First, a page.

Resurgence in classical music listeners during COVID-19 lockdowns
A report by The Royal Philharmonic shows more people under 35 are streaming classical music since the pandemic took hold last year.
There was a 17 per cent worldwide increase of classical listeners on the music streaming service Deezer, between April 2019 and April 2020, according to the report by The Royal Philharmonic (RPO), Deezer and the British Phonographic Industry (BPI).
Those under 35 were most likely to listen to orchestral music during the lockdown. This comes after 59 per cent of these results were compared to 51 per cent national average.
“What is most impactful, important, and influential is the quality, accessibility, delivery, and style of instruction of music education as well as the support of music education in the school system,” said Mia Bach, instructor and collaborative pianist at the University of Toronto.
“That is what continually attracts a current young generation, creates interest, engagement, and achievement,” she said.
Bach said in an email interview classical music is an excellent way to develop and support good mental and emotional health.
The report suggests 35 per cent of respondents say orchestral music helped them relax, stay calm and maintain a sense of wellbeing while 18 per cent of respondents listen to orchestral music to lift their spirits.
Listening to orchestral music has encouraged 15 per cent of respondents to learn a musical instrument.
“Interest in classical music among younger people can partly be explained by children’s first experiences of learning a musical instrument from a young age,” the report said.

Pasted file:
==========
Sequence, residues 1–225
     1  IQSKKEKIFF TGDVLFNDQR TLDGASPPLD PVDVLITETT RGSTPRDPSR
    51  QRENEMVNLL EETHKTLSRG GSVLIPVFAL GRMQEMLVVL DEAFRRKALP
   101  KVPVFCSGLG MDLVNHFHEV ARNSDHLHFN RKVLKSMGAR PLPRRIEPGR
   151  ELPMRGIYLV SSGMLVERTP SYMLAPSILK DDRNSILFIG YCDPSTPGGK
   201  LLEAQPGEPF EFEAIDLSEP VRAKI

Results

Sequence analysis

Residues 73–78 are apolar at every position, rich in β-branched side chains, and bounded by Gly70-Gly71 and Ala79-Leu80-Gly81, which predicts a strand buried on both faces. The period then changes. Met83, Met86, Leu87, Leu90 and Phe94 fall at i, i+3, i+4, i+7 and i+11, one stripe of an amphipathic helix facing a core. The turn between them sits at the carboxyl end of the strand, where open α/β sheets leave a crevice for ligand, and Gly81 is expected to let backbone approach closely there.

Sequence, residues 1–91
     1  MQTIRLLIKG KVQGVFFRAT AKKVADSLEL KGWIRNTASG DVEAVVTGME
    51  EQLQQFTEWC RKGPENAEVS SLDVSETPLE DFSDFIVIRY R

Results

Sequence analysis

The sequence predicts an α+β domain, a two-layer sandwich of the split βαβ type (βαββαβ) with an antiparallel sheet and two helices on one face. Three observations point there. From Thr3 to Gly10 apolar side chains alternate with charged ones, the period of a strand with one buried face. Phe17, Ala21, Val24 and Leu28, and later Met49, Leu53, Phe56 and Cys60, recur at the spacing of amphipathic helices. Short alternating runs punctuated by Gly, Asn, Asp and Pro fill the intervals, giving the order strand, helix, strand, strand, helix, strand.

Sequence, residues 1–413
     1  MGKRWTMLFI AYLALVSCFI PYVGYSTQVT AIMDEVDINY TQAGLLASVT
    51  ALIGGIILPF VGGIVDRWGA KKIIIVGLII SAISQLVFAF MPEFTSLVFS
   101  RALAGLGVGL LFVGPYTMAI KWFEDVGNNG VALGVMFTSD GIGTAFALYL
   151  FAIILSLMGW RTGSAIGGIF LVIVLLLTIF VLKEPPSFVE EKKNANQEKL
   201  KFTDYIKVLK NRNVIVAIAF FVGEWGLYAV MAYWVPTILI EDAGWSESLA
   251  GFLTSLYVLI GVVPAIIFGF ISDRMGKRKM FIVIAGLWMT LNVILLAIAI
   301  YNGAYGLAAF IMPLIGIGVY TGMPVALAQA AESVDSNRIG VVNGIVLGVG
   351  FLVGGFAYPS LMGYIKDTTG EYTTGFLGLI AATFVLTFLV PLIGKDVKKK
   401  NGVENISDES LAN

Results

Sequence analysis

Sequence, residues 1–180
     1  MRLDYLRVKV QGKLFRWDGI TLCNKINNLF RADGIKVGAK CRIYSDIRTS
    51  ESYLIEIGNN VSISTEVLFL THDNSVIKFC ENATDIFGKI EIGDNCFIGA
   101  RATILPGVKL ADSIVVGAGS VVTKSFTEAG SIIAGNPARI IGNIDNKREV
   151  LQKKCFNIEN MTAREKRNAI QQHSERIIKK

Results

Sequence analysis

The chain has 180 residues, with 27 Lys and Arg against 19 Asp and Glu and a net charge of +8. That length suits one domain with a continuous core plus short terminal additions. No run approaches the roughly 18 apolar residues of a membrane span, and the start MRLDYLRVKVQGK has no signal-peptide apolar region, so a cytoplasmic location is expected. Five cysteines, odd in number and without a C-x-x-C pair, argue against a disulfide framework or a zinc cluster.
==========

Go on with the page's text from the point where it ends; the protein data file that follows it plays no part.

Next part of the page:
At a national level, 66 per cent of adults under 35 years old say their children play or are learning how to play a musical instrument. In comparison, 74 per cent of adults say their children complete an hour or more of musical practice per week.
The report suggests 55 per cent of those between 18 and 24, and 60 per cent of people aged 25 and 34 have listened to orchestral music during a lockdown. Looking at the 33 to 44 year old age group, 51 per cent say they’ve listened to such music.
“There has always been a rise and fall pattern of interest,” Bach said.
As a faculty member at U of T for more than 20 years, Bach taught courses in many areas of music — including applied piano, collaborative piano, and vocal courses in Piano/Vocal repertoire, Oratorio and Advanced German diction.
She says the age range of students she currently teaches among undergraduates and graduates is between 17 and 25. In her private studio, Bach teaches all ages ranging from five to 50 years and older.
“I have always had as many students as I can handle, so I can say that throughout my career I have noticed that there has always been interest in learning music and learning instruments,” she said.
A piktochart details the global consumption of Deezer’s classical music streams during the pandemic: